The weather improved yesterday and it is also dry at Clasheen today although for how long I ask myself considering the rain and wind we have been having for the last few days.  I managed to take a couple of bad pictures of some framed pieces this morning so many apologies about the quality.  The light is difficult to shoot accurate colours in and as I don’t have a light box or any professional equipment please bear with me.  This piece is an abstract landscape, I absolutely adore the highly textured effect of the felted silk velvet!  Interestingly Kim Winter posted about felting with silk velvet the other day on her great blog Flextiles and I read the post in the evening after I had spent the day finishing and framing my pieces.  Great minds think alike???  I won’t say fools seldom differ!  Anyway, like Kim I had previous experience or rather lack of successful experience when I experimented with felting velvet before.  I know that it is possible to trap it by laying fibres over the top but wanting a clean surface I decided to try once more using silk velvet, I thought that this was what I used the last time but maybe it wasn’t, I had got the fabric as a present so didn’t know the exact fibre content.  Initially I felted a few landscapes with only selected pieces of fabric but for this one used two larger pieces of velvet in a lighter and darker shade of hand dyed green.

Green Fields

I love the simplicity of the design and now am looking forward to stocking up on more fabric, probably from Jean Oliver of Oliver Twists when she brings her luscious supplies to the Dublin Knit and Stitch Show in November.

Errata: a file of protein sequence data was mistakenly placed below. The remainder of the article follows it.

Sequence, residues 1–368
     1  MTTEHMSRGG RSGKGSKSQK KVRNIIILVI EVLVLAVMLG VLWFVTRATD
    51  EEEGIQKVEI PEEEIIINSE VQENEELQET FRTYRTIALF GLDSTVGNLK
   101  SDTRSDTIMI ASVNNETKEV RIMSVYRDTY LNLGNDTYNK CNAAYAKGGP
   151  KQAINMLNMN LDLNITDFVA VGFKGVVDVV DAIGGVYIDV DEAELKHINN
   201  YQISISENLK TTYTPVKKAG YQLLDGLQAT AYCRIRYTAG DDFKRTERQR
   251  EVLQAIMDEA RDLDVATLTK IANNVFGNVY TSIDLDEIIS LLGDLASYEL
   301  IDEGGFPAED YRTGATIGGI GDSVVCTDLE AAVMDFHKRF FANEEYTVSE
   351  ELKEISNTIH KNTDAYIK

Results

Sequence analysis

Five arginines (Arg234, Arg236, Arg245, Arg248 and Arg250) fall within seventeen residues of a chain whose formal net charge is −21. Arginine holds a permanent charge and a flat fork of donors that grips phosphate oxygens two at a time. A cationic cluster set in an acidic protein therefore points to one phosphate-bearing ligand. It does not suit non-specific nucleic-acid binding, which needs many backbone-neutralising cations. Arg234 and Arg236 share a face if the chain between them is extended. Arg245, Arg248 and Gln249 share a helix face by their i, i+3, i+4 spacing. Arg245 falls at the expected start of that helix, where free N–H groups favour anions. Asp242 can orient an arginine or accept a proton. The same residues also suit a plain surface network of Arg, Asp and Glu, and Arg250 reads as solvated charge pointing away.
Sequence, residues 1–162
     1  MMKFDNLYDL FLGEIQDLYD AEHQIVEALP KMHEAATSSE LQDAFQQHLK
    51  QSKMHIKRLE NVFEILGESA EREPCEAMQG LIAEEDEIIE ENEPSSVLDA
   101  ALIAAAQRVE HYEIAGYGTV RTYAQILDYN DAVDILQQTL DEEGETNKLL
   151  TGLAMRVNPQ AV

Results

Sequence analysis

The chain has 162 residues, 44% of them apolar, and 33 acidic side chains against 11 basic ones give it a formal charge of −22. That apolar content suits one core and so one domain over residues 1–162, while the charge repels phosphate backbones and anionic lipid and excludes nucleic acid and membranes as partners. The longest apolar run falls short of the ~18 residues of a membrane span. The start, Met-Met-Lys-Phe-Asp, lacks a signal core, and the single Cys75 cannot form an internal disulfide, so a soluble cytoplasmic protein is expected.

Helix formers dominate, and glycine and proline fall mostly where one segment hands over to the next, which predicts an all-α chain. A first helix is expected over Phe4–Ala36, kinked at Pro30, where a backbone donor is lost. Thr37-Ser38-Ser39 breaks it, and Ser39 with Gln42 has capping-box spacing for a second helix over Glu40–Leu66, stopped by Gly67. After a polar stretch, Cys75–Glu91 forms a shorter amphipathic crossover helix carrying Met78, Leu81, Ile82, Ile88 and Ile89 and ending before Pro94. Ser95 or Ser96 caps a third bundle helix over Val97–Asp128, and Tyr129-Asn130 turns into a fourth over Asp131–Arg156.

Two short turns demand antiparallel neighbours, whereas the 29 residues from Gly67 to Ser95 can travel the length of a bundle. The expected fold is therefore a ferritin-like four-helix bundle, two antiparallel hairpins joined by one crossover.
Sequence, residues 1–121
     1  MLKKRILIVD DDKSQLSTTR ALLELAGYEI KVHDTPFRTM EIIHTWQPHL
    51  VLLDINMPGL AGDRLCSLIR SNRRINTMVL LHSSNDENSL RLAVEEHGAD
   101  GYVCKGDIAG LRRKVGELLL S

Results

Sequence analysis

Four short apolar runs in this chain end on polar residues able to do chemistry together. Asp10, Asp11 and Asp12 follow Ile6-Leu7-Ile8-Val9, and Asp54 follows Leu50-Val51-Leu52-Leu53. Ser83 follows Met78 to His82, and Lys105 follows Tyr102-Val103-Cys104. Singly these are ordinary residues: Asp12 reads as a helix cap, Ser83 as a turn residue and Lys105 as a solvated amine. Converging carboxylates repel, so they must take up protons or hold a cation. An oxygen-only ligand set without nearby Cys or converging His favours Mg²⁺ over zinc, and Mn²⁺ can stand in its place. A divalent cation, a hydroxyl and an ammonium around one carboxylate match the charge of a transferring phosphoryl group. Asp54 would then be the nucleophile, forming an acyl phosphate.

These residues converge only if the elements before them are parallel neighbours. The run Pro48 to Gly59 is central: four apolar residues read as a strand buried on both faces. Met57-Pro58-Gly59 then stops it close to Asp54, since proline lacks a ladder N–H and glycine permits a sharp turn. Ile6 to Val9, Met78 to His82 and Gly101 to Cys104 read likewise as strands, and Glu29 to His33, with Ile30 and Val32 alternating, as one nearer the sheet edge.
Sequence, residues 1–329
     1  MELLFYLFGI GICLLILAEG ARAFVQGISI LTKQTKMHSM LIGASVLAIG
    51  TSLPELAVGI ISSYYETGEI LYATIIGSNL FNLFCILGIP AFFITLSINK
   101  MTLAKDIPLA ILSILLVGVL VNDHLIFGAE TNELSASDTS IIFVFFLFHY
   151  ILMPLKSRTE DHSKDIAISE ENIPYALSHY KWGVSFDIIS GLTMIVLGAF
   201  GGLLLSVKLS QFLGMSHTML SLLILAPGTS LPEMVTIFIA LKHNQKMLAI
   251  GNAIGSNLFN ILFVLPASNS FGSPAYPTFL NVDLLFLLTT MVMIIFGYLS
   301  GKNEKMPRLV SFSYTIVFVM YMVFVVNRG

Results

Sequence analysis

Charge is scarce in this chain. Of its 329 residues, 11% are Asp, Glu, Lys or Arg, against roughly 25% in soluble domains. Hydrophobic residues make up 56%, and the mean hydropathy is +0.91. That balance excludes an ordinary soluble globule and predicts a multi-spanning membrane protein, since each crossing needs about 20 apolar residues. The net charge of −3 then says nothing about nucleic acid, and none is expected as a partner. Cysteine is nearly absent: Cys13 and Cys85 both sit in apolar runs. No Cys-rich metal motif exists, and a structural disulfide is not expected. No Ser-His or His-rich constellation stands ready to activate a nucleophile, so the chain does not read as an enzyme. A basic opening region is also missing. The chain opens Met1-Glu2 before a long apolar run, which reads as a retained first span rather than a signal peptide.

I also finished one more raw wool bag yesterday and felted another, busy huh?  Below is a picture of the second bag (more in a little album on Facebook), this time with inside pocket, fabulous large vintage button closure and felt handle stitched in.  The third bag that I felted this week used the same resist as the second.  The finished size is a little smaller however because when I removed the resist I cut into the felt in such a way as to include an integrated handle, pictures of this bag when it is dry and has a closure fitted.

Jacob's sheep bag with flap and large vintage button closure

Today I have been procrastinating but unfortunately I can’t for much longer, I’m supposed to be doing my accounts for the year up to December 2010 but I HATE paperwork!  I also need to go and vote in our Presidential election, we have 2 referenda to vote on too so I better get my finger out and log off this computer pdq!!!

Large experimental landscape felted at last!

Yesterday I was able to finish the large felt landscape that I had started at the beginning of the adverse weather conditions recently.  You may remember that I had been playing around laying out loads of different fibres and broken up pieces of cobweb felt for my design, it had been languishing for the last couple of weeks damp in my bath!  

Landscape prior to reworking

 

Anyway, here is a photo o f the piece yesterday morning before I got down to re-wetting and fulling the felt.  At this stage it measured approx 85cm X 49cm and you can see that the sky area looks slightly pinkish.